The reason why I love these two is because they amount to random acts of beauty. God is all about beauty. Look at the world He created. Look at a newborn baby. Look at a sunset. Look at images from the Hubble telescope. You can't do any of those and argue that God doesn't like beauty. And when I see things like this, I see God's creative work in the world to make it a more beautiful place, and that's never a bad thing. How cool would it have been to be in this food court / department store and randomly experience the beauty of one of the greatest works of art ever? I don't care how bad of a day you may have been having; it would have been better after this. That's what beauty does: it inspires, uplifts, and encourages.

The question for today i: What are you - and I - doing to bring beauty into the world and the lives of others?

Saturday, December 04, 2010

LeBron's Return

I proudly wore my Cleveland Cavaliers t-shirt on Thursday in preparation for LeBron James' return to Cleveland after making The Decision on July 8th, when he jetted Cleveland and took his talents to South Beach. I didn't think the Cavs would actually win the game, but was hopeful that they would have a good showing, which they didn't. When I saw the Cavs line-up and some of the players who came off of the bench, my thought was, "Who are these guys?" Many of them weren't even on the team last year. An it wasn't a matter of Cleveland picking up some high-price free agents; these were the only scrubs they could pick up after James made his decision so late in the game. It was not a lot of fun to watch.

I had at least one friend ask me, and a few others menton on Facebook, that they didn't understand what the big deal was. These people are clearly not sports fans, especially ones of Cleveland sports teams. When you become a sports fan - especially when you are raised as one, like I was - part of your civic pride, part of your identity is wrapped up in those teams. Those are not just sports teams; they are YOUR teams. So when someone pulls something like LeBron did, it's not simply a business decision, as he claims. It's personal.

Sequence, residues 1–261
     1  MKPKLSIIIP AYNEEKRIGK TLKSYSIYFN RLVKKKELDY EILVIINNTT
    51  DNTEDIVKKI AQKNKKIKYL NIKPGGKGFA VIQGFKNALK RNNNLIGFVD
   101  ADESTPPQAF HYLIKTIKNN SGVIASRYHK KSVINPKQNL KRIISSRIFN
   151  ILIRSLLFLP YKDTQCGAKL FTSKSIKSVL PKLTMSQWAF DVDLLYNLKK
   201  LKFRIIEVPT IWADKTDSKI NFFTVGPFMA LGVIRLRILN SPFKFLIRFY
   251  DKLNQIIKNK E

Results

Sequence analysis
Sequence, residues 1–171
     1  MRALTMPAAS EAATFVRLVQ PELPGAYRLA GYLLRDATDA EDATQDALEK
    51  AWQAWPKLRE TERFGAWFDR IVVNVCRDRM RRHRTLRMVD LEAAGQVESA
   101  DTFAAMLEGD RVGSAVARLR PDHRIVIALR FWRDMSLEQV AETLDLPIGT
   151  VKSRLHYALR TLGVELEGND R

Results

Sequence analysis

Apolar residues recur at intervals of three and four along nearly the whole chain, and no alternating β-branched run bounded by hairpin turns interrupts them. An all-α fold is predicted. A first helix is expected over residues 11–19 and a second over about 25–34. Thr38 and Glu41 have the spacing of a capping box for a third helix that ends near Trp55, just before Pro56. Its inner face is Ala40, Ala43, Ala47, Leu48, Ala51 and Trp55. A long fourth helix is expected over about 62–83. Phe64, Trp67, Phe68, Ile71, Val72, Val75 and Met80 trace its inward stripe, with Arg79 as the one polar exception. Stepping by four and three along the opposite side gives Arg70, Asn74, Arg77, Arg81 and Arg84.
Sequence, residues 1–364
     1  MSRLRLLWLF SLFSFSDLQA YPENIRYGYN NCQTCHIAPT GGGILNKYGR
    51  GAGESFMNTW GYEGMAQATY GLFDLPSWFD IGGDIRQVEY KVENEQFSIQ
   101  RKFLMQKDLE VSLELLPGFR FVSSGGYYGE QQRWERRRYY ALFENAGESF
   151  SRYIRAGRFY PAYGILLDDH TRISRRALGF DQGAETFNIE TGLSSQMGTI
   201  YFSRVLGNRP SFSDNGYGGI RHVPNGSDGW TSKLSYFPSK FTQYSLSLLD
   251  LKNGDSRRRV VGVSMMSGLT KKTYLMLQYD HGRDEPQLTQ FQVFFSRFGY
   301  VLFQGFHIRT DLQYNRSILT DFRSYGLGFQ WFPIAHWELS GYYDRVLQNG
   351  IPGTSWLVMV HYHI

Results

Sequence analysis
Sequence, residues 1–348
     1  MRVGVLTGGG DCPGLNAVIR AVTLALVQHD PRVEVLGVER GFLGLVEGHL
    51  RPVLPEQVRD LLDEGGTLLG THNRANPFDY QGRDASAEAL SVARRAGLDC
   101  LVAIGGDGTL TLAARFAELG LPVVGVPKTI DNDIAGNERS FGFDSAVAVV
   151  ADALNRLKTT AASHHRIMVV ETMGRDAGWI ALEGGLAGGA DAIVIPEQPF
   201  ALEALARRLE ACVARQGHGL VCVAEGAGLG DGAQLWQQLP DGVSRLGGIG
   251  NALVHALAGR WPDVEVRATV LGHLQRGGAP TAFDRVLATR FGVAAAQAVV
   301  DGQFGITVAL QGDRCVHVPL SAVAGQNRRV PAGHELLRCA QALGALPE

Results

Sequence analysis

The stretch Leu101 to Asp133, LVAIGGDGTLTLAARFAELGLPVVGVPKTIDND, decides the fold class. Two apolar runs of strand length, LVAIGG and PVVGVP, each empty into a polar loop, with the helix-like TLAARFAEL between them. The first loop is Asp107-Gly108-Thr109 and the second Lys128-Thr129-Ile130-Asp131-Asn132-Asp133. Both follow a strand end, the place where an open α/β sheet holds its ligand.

And the bigger problem with LeBron's leaving is that he did it to Cleveland. I have been a Cleveland sports fan for 41 years now, and am still waiting for one of my team to win a championship. The last major sports team to win anything was the Browns in 1964 - that's pre-Super Bowl, for you uninitiated. So when LeBron came along, Cleveland felt like, "Finally! Someone is going to do it!" Especially since he said that his goal was to bring a championship to Cleveland, and wasn't going to leave until he did it. The way he did it was pretty unclassy, too, on national TV. If you're going to go, OK; don't rub it in our faces. And it was an even bigger deal after all we had gone through:

That's a lot of heartbreak for one city to have to deal with. Time and time again, our city had been beaten up in the sports world, and just when it looked like we were pulling ourselves up off of the canvas to fight again, we get blindsided. So was it just a guy choosing to go to another team as a free agent? Yes. But it is so much more to those of us who love Cleveland sports. It's one more chapter of frustration in the book of Cleveland sports. It will not be quickly forgotten, if ever. Art Modell can't really come back to Cleveland after having moved the Browns in the early 90's because he is not welcome; James will likely get the same kind of treatment for the rest of his career...

For a really good read about Cleveland and the effect The Decision has had, check out this article by Wright Thompson at